Michigan is likely to join 23 other states with right-to-work laws. Republicans passed legislation yesterday through the state's House and Senate amid strong opposition from unions.
Organized labor had long maintained a strong foothold across America's Rust Belt until recently. It was only this past February that Indiana became the first state in over a decade to adopt a new right-to-work law. A similar effort in Ohio wasn't successful.
The idea of such a setback in Michigan, a longtime cradle of organized labor, had seemed next to impossible. So how has this happened? Dale Belman, professor at Michigan State University’s School of Human Resources and Labor Relations, notes that union representation in his state has slipped to 18 percent of workers.
"With the decline in manufacturing, unionization has declined in the Rust Belt, pretty substantially."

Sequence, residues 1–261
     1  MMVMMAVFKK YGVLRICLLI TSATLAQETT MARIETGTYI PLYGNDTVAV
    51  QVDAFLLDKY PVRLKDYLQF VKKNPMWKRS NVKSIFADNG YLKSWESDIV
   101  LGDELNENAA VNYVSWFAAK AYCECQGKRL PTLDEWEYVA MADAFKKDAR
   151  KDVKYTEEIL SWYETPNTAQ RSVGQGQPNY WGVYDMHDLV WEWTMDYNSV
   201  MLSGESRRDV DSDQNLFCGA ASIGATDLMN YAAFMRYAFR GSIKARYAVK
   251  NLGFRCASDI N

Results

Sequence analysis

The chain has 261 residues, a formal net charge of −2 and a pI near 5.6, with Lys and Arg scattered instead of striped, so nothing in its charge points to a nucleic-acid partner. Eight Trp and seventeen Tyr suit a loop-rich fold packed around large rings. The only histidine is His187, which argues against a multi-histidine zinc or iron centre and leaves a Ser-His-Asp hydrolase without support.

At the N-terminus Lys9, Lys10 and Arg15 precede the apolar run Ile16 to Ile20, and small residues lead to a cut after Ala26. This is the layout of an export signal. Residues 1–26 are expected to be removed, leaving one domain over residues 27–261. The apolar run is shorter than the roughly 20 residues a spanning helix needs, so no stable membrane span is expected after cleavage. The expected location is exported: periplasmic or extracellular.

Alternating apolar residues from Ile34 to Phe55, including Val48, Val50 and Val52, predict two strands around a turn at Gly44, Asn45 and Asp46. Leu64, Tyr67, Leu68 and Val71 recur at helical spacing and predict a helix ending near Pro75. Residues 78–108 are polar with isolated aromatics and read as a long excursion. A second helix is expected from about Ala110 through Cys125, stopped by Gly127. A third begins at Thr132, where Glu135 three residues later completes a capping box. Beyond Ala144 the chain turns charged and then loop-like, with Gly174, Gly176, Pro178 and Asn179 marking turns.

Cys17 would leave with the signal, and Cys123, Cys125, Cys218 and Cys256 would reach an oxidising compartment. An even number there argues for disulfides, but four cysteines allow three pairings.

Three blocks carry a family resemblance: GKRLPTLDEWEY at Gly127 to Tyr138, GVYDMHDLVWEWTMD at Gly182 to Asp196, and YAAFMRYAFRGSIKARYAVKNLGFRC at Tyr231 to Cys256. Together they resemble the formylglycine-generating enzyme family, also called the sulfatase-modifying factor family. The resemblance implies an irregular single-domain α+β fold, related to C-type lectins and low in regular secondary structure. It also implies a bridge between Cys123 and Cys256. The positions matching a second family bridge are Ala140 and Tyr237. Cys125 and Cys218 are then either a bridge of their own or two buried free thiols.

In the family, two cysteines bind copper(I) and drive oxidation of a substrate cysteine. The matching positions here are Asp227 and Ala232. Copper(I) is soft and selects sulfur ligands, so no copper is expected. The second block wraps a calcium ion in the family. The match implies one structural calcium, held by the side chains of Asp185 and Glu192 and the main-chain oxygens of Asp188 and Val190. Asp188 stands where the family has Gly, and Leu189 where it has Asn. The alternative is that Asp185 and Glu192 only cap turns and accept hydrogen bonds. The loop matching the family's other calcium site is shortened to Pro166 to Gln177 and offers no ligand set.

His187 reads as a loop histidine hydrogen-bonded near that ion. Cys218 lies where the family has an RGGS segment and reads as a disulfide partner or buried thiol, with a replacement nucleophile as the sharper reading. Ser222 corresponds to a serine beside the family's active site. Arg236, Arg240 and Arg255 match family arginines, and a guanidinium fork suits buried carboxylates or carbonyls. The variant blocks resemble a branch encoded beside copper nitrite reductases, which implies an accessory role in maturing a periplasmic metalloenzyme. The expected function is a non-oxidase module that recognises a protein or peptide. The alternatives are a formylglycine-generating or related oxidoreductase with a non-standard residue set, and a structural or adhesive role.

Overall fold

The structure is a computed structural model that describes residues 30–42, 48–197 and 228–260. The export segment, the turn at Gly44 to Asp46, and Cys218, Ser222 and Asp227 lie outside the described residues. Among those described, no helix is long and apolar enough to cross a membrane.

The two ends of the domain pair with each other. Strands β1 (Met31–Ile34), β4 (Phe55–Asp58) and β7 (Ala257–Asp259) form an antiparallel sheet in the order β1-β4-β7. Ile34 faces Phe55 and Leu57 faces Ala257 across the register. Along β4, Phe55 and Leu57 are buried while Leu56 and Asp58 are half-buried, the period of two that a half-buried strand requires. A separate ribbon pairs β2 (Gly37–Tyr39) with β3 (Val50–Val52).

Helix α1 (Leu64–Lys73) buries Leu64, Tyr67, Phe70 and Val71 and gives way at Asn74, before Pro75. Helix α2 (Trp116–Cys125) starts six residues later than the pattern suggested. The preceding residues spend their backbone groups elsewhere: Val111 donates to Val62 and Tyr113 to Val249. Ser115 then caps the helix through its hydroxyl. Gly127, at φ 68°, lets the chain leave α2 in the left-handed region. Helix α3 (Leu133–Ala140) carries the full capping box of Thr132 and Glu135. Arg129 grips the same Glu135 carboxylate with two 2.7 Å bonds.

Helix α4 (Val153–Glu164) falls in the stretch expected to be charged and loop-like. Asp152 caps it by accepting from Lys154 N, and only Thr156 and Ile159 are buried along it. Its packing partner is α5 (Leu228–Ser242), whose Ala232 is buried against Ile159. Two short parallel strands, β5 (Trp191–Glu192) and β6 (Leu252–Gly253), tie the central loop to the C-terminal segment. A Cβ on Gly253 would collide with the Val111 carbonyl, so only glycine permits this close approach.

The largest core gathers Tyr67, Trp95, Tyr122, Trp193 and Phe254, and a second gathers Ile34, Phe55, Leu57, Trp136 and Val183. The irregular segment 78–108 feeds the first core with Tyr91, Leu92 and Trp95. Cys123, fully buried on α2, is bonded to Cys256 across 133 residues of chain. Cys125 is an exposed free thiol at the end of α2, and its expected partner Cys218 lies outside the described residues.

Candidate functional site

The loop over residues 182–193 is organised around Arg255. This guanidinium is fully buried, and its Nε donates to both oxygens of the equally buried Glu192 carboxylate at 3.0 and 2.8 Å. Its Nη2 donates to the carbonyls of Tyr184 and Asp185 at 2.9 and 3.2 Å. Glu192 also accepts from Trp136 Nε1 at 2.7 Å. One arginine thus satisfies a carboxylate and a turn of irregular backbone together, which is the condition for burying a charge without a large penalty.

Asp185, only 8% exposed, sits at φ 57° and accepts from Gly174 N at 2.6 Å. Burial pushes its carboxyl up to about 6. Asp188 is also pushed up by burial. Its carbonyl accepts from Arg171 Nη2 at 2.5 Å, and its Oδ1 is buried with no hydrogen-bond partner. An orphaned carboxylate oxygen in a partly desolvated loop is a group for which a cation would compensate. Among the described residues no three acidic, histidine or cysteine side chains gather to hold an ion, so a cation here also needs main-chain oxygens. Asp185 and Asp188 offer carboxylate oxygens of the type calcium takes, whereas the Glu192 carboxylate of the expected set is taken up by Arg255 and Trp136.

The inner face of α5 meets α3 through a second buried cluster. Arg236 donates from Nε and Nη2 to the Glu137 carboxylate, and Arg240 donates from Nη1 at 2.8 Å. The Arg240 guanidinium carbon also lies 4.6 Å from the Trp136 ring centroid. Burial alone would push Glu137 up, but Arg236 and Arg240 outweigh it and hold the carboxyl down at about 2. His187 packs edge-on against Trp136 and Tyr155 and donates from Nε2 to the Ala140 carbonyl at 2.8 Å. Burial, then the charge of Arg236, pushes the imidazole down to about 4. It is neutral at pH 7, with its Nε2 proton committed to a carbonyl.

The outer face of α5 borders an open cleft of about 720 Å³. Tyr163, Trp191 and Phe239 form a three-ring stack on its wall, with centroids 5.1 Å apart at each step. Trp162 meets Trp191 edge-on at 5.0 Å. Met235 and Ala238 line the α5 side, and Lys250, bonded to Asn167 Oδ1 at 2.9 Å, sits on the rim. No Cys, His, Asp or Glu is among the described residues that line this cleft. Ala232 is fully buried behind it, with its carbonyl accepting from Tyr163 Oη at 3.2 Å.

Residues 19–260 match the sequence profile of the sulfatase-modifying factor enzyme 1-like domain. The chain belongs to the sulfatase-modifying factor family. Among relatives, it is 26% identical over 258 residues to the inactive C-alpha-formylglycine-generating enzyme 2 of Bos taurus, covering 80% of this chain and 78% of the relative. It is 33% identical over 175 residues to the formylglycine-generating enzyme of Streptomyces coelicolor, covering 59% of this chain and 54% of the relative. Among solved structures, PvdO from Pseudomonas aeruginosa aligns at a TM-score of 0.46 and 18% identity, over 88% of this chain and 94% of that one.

The political balance also shifted, with the rise of the Tea Party in legislatures across the region. But Belman believes labor could eventually reclaim some ground:
"Of course, what we're looking at now, in this case, is a lame-duck session, when things are actually starting to shift back," he says.
Belman points out the labor-management alliance between large auto companies and their unions voiced opposition to the change in Michigan -- a sign that labor relations with the carmakers have actually been on the upswing.
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